============================================================================================

# Extract the estimated parameter values (returned as a Pandas.Series)
>>> coefficients = results.params
log_distance                -0.739840
agree_pta                    0.334219
common_language              0.128770
contiguity                   0.255161
importer_year_fe_ARG2013    26.980367
dtype: float64

# Extract the standard errors
>>> results.bse
log_distance                0.023879
agree_pta                   0.042720
...
exporter_year_fe_VEN2015    0.346733
Length: 329, dtype: float64

# Extract the p-values
>>> results.pvalues
log_distance                9.318804e-211
agree_pta                    5.134355e-15
...
exporter_year_fe_VEN2015     5.681631e-03
Length: 329, dtype: float64

# Return fitted values
>>> results.fittedvalues
0       1.610136e+09
1       3.044133e+08
2       5.799368e+08
...
9359    1.329831e+10
Length: 8700, dtype: float64
```
The estimate method also provides some diagnostic information that helps judge the quality of the regression. This information includes a listing of columns that dropped due to collinearities or an absence of trade and an indicator for over-fitting.
```# Return diagnostic information (a Pandas.Series or DataFrame)
>>> fixed_effects_model_2.ppml_diagnostics
Overfit Warning                                                                 No
Collinearities                                                                 Yes
Number of Columns Excluded                                                      41
Perfectly Collinear Variables    [exporter_year_fe_ZAF2013, exporter_year_fe_ZA...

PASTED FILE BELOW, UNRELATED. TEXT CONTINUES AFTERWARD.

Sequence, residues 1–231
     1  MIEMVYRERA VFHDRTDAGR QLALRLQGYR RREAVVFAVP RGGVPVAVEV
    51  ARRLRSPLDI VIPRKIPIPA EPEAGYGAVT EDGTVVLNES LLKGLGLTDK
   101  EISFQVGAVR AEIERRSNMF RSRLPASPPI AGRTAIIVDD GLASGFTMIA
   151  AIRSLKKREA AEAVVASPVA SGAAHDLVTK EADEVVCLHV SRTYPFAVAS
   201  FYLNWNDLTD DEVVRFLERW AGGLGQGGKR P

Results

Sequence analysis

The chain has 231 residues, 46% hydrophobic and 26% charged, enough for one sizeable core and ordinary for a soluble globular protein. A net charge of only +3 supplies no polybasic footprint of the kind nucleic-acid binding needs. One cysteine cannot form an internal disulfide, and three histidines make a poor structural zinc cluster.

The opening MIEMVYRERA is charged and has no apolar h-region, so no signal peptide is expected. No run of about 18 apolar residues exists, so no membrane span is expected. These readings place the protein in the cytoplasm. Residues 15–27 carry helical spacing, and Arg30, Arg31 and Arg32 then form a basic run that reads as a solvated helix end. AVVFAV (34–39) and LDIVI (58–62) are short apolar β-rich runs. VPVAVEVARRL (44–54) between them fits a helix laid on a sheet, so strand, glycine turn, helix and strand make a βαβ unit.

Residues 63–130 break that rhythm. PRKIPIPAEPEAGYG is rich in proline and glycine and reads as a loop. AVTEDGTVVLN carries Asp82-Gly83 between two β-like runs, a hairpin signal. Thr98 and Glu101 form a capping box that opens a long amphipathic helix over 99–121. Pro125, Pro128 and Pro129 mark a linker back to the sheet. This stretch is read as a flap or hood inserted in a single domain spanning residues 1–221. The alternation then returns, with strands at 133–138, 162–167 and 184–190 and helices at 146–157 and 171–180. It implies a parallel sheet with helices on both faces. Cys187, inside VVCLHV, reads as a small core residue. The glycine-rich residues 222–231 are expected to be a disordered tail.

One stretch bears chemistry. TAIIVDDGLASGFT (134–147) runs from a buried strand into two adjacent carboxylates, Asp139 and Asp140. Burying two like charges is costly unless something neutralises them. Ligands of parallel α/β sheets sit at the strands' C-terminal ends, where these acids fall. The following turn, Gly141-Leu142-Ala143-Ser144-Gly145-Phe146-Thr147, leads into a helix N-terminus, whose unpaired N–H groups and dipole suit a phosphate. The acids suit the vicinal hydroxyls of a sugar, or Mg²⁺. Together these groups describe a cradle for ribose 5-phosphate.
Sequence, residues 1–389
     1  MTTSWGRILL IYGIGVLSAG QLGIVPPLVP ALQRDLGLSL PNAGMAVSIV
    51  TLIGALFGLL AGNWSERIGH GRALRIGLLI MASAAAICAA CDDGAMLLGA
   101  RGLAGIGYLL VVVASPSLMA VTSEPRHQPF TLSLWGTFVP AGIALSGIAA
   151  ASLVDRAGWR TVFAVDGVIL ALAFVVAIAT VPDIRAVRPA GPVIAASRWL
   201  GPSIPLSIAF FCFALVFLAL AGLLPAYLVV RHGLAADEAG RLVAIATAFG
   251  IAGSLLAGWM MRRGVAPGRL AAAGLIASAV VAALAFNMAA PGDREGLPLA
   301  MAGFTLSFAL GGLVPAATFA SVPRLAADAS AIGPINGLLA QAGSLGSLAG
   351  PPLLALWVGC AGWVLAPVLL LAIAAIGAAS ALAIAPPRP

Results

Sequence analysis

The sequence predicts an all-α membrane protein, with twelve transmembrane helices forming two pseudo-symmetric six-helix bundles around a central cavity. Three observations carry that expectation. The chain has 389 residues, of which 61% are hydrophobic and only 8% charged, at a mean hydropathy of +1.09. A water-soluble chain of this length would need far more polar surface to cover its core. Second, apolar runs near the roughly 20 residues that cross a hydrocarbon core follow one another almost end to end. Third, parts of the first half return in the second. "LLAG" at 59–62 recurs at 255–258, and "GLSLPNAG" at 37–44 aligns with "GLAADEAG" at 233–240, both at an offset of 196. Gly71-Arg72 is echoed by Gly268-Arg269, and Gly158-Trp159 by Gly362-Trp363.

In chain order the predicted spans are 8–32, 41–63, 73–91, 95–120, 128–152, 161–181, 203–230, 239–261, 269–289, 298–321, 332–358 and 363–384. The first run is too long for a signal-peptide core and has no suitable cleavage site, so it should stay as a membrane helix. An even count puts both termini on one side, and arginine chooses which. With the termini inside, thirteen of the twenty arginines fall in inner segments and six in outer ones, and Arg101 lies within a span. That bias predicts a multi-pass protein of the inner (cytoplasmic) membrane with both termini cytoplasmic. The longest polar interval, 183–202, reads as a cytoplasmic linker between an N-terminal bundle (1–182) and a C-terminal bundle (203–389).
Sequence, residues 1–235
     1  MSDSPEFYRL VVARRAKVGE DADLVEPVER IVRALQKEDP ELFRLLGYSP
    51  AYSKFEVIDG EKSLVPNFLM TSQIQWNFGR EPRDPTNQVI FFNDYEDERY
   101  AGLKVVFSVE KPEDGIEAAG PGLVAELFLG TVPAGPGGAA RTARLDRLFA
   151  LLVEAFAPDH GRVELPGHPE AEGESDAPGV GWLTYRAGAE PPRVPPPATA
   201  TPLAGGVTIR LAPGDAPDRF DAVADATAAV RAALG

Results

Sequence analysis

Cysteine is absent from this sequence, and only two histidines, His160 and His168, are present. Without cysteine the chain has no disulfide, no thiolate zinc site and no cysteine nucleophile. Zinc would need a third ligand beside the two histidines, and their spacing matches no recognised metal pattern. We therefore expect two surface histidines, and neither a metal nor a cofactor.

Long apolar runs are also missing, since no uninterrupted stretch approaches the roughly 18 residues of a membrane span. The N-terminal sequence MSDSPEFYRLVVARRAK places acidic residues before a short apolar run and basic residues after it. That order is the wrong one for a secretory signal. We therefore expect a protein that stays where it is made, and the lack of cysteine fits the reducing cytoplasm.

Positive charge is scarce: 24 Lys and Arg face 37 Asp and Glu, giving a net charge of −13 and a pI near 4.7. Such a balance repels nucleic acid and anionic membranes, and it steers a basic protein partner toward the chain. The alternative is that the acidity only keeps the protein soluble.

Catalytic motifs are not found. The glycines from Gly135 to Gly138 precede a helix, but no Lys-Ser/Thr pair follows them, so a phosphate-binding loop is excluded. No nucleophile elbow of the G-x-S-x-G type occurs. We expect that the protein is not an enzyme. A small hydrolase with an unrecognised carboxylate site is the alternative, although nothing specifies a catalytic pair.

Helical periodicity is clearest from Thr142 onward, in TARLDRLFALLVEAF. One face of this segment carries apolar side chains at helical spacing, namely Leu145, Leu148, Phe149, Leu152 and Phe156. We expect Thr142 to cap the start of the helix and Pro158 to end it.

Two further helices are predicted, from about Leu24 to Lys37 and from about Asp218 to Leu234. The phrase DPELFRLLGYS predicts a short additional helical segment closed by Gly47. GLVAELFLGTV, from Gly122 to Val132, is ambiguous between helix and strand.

Completion Time                                                       0.25 minutes
dtype: object

# Retrieve the full list of collinear columns
>>> fixed_effects_model_2.ppml_diagnostics['Perfectly Collinear Variables']
['exporter_year_fe_ZAF2013', 'exporter_year_fe_ZAF2014', 'exporter_year_fe_ZAF2015']
```

The gme package also features several tools to help compile and format the results for use within python or outside of it. These tools include one method named combine_sector_results() for pulling all coefficients, standard errors, and p-values from from multiple sectors into a single DataFrame. The second, called format_regression_tables, creates formatted tables for presentation that can be exported as a text file, csv file, or LaTeX file with some stylized syntax.

Tip

LaTeX users: The method format_regression_table can output a table into a csv file with some desired LaTeX syntax. This can be done by specifying format = '.csv' and 'latex_syntax'=True. This option allows users to manipulate the tables in spreadsheet software while retaining LaTeX syntax. We recommend reading the file into the spreadsheet software as 'text data' so that it does not try to interpret the formatting of the table entries.

The gme package also has several ways to save the results to a file, either in full or in a space-saving slim version. See the API Reference portion of this documentation for further information.

1. Had their been multiple sectors, we could have indicated so by adding the input sector_var_name = 'sector_column' in the declaration of the EstimationData.

2. Additionally, the results of the estimation are saved as a attribute of the estimation model---EstimationModel.results_dict---and can be retrieved that way as well.

3. For more details about the statsmodels results object, see http://www.statsmodels.org/0.6.1/generated/statsmodels.genmod.generalized_linear_model.GLMResults.html